So how do you – because I saw that you linked specifically to those like a certain verses of software? How do you solve this index? Dude, that’s just mean rebuilding everything or, and so um yeah. This is this is one of the problems that we so basically have. If you, if you change the OpenSSL, then he drew has to recompile all the binaries. This is not like the last time that was a hole in the OpenSSL.
I think it took like one day or something and that’s of course, unacceptable, but we have now an option called. I think it’s called security updates or something in exercise, and basically there is a hack around thing. So, as the hash will not change, so you don’t have to recompile everything, so you say the regional, the regional library was open, SSL and the new one is open, SSL, bla, bla, bla and, and that will replace older everything that uses this open, SSL library and It will not go and rebuild everything, that’s needed, and that way you can really really quickly.
You know update your server and because, if you’re using the NYX OS, it will also know that which which processes were using open, SSL and go and restart those. The the hash of a mafia package depends on its inputs, which is say sorry Saudi hash. For your package depends on the inputs, which say for a pure Python package would be and Python itself, so you can rebuild that and get the same version, but is there? Is there anything that also ties it to the version of the next tool chain that you used to build it? Because if there was a new feature introduced in the Nix tool chain or something is that? Is there a way of basically rebuilding a package of like two years ago or something exactly as it was at that time? So if basically Nix upgrades or something yeah yeah, but that’s like the whole Nix is upgraded separately.
So it doesn’t affect the Nix tool chain. But everything else down to the GCC and Julie and so on is basically a dependency then of your Python up package. I’r not sure if that answers your question and so um, I believe the Knicks toolchain sort of, if you build a binary, will change to change the our path for some in binaries etc. But if the so, if they, if that behavior slightly changes, is something like that, can you rebuild its especially diversion of the next tool chain that are used in a part of the hash, just as a as its dependencies are? There’s that part of the dependency? I’r not sure I understand the questions I may be chocolates.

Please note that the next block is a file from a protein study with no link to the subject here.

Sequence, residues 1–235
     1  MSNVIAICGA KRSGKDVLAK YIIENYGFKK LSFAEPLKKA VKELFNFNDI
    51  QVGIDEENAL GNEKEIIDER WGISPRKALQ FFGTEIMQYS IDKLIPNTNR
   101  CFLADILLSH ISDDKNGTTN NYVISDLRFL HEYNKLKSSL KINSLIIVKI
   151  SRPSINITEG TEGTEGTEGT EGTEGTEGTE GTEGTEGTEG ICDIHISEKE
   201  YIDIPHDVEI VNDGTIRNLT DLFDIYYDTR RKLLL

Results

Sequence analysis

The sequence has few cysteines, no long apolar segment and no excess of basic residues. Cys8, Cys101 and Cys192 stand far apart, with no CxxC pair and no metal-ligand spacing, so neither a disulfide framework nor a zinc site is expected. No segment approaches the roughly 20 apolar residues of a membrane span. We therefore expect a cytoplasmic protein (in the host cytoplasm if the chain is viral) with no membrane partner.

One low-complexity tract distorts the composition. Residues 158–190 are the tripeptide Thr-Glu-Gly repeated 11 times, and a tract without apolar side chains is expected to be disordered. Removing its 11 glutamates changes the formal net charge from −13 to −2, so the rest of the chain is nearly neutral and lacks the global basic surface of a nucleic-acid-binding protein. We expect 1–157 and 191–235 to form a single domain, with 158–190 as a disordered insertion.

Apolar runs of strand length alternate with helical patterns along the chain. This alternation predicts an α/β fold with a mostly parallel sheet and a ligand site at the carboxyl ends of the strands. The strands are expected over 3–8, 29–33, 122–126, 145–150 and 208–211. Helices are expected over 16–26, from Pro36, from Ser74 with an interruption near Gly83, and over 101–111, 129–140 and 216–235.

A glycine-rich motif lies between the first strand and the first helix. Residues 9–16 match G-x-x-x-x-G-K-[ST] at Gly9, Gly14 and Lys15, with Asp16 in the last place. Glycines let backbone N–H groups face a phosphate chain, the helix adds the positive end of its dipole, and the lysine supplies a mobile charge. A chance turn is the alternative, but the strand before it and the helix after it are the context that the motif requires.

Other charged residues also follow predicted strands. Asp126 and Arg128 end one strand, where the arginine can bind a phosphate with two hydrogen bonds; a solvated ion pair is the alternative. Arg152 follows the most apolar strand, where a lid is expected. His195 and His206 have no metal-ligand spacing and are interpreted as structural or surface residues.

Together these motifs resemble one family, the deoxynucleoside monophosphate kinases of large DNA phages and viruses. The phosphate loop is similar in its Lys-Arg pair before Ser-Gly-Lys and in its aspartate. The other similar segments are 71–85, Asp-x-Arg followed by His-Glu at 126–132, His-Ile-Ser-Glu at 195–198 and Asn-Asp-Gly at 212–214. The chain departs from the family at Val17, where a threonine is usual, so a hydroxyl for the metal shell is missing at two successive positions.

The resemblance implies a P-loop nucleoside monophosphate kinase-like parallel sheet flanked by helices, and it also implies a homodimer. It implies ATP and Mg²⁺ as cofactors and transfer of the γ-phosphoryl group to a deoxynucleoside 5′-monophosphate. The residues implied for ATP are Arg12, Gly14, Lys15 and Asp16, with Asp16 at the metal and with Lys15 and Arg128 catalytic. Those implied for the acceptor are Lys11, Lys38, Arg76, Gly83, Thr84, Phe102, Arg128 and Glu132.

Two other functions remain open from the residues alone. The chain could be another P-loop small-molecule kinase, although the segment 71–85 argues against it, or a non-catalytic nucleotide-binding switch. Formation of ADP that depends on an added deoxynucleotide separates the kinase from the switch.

Yeah come to me and we can hear okay any more questions. Then your slides, I missed a version definition when you listed the dependencies where are they defined like so. Basically, this is kind of like Ubuntu style, where the name is. The version is tied to the name and the name. Basically, the version is not important in UNIX at all, because that’s just basically a meter data and when, when the mix packages repository changes, you will just get the new package and inside there.
Of course there is the the version name, but we don’t do any. Like detection or something about the versions, you showed this plan example, so I want some specific like GStreamer version, and it was part of the name yeah. So when we have like, when you have like GStreamer, which you have version 1 and the version before 1, then we have basically two packages and then you can pick which one you want to use and you can always override the source and get another version.
If you want to change the upstream default for your project or server or whatever, what is the difference between Nix and docker? Let’s so, basically, docker tries to isolate the environments from your system right and provides a very nice API. On top of that, while sneaks basically tries to solve the packaging problem and configuration problem, so these are not like, I think, they’ll. Those two things go together, you can use.
Bower tunics. I think it’s called to generate Bower packages to generate nick’s packages from bower upstream in the next packages repository and then you would go in your project. Do the same for all the extra stuff that you want and basically the NICS knows all about about both sets of packages and you have those available and then you have all the Python dependencies available and then you use the DES make derivation and Nick shell to Develop on that and it will make it it will expose those packages for you to use.
It’s really hard to explain this without an example. But there are, there is a blog post. If you, if you google around, you, will see how it’s used for notes packages for Bower, I don’t think it’s, but it’s the same thing I mean it’s just the front end, and this is exactly where Nick’s really shines when you have to combine two two stacks Together, you